by Adam Lombardi
The Oculus Rift is the next generation of affordable virtual reality. It can bring you to foreign lands straight from the comfort of your living room. Want to visit Narnia and be guided by a mystical Lion? Visit friends in far away lands? You’ll soon be able to do this and more.
Oculus Rift will make the hairs on the back of your neck stand straight up.
The content is amazing and the possibilities endless. Of all the virtual reality gadgets that have hit the market in the past five years, Oculus by far has shown the best and biggest variety of VR content. Variety is the key to surpassing the competition paying homage to Facebook’s seemingly endless supply of content (Facebook bought Oculus VR, a small VR startup two years ago in a $2 billion deal).
So whether you’re cruising across the galaxy or playing a modern version of Pong (you can practically feel the ball hit the paddles that are included), this could be a generation-defining experience. So far, by many first hand accounts, Oculus has knocked the socks of all competition including the Samsung Gear VR, Sony PlayStation VR, HTC Vive Pre, Microsoft Holo lens, and many others.
In demos peppered across YouTube and social media, you can view 20 (give or take) demos to play – about half of these use the wireless Xbox One gamepad that’s included with the shipped set, and the other half use the Oculus Touch (a slimmed down controller) for a deeper spatial presence which is set to ship later this year (sorry not included). But like many new games, some are way better than others, and while not all are Rift exclusives, gaming is just the beginning.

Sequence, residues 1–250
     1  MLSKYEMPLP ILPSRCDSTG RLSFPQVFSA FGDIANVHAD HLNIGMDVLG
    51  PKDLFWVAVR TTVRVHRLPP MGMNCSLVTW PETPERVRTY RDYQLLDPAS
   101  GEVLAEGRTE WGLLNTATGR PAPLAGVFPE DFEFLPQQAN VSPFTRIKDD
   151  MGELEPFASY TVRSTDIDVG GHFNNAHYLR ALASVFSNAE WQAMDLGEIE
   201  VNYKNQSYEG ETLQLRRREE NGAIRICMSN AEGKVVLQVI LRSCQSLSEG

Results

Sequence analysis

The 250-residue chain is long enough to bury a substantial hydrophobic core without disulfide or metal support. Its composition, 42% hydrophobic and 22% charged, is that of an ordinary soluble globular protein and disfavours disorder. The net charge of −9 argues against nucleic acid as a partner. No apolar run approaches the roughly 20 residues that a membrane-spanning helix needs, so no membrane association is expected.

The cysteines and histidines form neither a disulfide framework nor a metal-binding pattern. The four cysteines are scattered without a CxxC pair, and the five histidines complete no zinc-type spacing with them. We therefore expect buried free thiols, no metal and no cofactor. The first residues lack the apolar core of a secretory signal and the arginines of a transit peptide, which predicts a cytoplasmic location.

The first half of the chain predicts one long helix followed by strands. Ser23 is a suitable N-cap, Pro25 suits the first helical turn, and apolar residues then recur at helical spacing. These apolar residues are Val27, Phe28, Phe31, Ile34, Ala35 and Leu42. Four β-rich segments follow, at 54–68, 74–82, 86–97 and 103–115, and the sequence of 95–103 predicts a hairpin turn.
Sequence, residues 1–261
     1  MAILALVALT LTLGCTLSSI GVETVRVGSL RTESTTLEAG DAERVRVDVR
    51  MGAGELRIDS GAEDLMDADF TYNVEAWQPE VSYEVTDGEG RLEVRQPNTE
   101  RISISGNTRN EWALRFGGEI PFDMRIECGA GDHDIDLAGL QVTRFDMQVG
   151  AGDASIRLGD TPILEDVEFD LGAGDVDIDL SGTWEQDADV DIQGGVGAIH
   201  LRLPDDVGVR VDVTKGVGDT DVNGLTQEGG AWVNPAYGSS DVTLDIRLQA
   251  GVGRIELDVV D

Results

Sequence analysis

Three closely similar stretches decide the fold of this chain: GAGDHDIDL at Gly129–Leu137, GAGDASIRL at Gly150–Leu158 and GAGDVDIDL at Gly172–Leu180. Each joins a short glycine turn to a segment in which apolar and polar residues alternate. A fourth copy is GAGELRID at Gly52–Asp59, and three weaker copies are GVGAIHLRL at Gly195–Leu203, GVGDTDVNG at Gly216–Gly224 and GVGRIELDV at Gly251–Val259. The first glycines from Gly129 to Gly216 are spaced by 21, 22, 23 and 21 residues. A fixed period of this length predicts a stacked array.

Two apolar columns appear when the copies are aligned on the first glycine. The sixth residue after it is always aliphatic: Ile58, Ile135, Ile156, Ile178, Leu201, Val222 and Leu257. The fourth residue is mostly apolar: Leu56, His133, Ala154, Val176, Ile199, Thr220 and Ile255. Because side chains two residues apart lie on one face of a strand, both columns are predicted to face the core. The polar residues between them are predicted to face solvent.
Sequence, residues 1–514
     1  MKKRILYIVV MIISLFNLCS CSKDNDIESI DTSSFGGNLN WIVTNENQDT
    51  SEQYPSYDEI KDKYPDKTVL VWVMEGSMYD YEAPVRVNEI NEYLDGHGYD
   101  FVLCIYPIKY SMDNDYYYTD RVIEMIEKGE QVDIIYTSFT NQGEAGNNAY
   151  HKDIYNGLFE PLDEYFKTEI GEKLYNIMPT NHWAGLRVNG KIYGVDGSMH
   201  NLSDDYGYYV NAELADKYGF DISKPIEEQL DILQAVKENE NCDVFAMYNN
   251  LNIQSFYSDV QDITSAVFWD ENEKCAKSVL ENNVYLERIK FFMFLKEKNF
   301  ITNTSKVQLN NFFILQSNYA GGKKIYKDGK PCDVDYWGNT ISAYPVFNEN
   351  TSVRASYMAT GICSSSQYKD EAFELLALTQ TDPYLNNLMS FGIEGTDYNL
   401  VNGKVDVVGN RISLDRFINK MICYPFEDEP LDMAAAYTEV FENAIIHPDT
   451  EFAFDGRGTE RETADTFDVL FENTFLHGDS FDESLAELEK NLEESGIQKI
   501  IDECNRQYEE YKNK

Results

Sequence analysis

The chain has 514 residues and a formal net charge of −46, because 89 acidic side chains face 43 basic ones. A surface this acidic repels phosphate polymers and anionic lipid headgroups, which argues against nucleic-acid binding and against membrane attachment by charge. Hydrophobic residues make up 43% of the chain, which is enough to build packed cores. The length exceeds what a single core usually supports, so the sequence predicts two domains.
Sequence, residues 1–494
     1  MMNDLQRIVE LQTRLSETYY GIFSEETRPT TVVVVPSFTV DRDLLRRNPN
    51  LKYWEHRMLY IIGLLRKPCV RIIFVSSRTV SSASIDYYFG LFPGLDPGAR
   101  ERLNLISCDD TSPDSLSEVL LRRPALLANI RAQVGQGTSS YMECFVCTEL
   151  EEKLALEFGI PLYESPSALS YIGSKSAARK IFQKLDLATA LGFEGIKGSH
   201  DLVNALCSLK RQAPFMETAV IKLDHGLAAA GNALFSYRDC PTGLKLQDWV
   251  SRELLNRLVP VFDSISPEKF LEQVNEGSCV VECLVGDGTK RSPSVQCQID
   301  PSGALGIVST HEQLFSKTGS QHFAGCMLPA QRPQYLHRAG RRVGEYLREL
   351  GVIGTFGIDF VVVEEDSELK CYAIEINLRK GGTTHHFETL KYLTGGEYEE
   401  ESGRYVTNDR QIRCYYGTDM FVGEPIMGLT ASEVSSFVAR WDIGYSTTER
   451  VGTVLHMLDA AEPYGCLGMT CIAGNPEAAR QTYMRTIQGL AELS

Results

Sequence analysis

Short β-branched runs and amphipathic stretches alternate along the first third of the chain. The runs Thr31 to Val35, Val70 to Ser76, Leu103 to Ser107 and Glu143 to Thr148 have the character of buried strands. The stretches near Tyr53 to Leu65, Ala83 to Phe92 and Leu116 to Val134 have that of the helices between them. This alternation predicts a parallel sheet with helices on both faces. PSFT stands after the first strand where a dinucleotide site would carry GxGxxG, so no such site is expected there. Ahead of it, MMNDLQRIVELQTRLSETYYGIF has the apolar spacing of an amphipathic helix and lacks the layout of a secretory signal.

Facebook CEO Mark Zuckerberg said the company plans to expand Oculus beyond what we’ve come to know of virtual reality:
“After games, we’re going to make Oculus a platform for many other experiences. Imagine enjoying a court side seat at a game, studying in a classroom of students and teachers all over the world or consulting with a doctor face-to-face — just by putting on goggles in your home.”
The design is quite nifty too. The Rift has a single display split between two screens, featuring a combined screen resolution of 2,160 x 1,200. The Rift also uses sensors such as a magnetometer and an external Constellation tracking system, which pundits say will provide a better experience than the rival PlayStation VR. The headset also uses HDMI and USB for display and interface connections with built-in speakers for 3D audio. This technology works in tandem to give users an unparalleled sense of audio and visual immersion.
The Oculus Rift is the next generation of affordable virtual reality – and at $599, it’s going to be one of the best consumer electronic values for what you’re paying for.